|Abstract or Summary
- A time series of hourly surface current maps in the shelf waters off Newport, Oregon,
was made during April–September 2001 using five SeaSonde HF current mappers, during
Coastal Advances in Shelf Transport (COAST). The surface currents responded rapidly
to the changing winds, in repeated patterns that were strongly affected by bottom
topography. An equatorward current jet repeatedly formed in response to upwelling winds,
its strength, but not its trajectory, covarying with the meridional wind stress. Near Cape
Foulweather (44.8°N), where the shelf begins to widen, the jet rotates, weakens, and
trends offshore to the south first along, then across, the isobaths. Below Cape Foulweather,
inshore of the jet, a lee region of generally weak currents was commonly observed.
The equatorward jet core was most commonly observed near the 80-m isobath between
45.0°N and 44.4°N, but transited offshore between spring and summer over Heceta Bank.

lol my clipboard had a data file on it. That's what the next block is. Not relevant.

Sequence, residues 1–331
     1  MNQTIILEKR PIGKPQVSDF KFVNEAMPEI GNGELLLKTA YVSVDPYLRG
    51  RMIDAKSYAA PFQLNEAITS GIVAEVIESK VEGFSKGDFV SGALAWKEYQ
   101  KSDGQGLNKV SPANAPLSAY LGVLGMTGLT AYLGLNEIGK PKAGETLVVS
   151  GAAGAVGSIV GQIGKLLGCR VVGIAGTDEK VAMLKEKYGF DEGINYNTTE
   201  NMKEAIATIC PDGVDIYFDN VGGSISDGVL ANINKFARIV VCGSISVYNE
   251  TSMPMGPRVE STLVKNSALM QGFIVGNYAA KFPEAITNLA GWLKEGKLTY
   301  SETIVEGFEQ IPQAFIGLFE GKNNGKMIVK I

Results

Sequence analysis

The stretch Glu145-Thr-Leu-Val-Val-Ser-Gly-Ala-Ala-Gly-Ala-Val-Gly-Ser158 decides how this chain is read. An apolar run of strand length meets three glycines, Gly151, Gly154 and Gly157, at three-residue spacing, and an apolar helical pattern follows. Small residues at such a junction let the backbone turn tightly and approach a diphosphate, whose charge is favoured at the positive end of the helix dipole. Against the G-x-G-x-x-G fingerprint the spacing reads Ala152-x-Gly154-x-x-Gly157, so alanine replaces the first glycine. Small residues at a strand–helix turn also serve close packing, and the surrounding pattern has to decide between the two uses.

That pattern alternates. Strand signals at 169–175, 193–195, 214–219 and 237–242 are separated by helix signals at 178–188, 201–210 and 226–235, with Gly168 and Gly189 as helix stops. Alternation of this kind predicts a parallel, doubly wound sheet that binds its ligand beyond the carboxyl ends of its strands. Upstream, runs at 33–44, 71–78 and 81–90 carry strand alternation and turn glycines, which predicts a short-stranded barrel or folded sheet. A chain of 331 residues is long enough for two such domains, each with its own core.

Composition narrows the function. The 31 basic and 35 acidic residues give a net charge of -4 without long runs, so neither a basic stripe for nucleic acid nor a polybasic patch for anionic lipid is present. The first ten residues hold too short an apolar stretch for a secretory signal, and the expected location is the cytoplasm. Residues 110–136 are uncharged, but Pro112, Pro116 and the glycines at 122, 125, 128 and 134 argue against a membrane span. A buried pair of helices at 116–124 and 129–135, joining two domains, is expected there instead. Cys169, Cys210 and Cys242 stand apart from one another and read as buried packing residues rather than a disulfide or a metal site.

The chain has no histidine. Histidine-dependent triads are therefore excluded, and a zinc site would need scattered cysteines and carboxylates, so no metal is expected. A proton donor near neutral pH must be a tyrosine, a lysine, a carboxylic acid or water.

At Newport (44.6°N), it was rarely observed less than 8 km from the coast. A second,
inshore, equatorward jet, previously unknown, was observed repeatedly south of Waldport
(44.4°N). Sustained downwelling wind episodes produced poleward currents, though
less responsively north of Cape Foulweather. Strongest poleward flow was generally
trapped near the coast. Surface currents were correlated with the northward wind, except
regionally far from shore over Heceta Bank, responding within half a day. Response to the
wind varies spatially, being intensified in the narrow shelf (northern) region. The
equatorward jet persists through periods of zero wind forcing. Coastal sea level covaries
with the meridional wind and the primary mode of ocean current response.